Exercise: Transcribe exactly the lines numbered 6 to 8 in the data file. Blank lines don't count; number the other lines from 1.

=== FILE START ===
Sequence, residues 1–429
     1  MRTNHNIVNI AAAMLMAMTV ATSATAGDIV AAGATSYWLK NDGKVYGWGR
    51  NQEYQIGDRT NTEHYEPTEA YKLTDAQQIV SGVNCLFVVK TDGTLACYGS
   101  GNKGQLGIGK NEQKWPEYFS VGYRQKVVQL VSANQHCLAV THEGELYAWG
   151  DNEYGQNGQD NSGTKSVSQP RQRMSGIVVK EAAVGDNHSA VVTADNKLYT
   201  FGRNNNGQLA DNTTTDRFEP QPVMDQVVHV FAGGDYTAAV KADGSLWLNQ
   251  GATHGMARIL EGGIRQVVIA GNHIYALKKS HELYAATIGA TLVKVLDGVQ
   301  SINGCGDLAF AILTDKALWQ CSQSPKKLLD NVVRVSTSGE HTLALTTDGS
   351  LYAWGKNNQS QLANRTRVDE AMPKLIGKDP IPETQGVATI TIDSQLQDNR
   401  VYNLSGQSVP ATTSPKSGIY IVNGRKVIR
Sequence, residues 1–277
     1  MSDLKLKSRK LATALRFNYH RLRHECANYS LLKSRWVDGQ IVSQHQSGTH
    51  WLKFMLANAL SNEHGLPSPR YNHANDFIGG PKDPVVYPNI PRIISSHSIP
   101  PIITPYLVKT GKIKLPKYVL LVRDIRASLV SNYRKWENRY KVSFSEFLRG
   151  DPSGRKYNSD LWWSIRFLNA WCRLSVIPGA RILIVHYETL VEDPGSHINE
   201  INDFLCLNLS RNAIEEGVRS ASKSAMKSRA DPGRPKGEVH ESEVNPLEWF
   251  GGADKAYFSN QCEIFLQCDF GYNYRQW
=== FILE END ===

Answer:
   201  FGRNNNGQLA DNTTTDRFEP QPVMDQVVHV FAGGDYTAAV KADGSLWLNQ
   251  GATHGMARIL EGGIRQVVIA GNHIYALKKS HELYAATIGA TLVKVLDGVQ
   301  SINGCGDLAF AILTDKALWQ CSQSPKKLLD NVVRVSTSGE HTLALTTDGS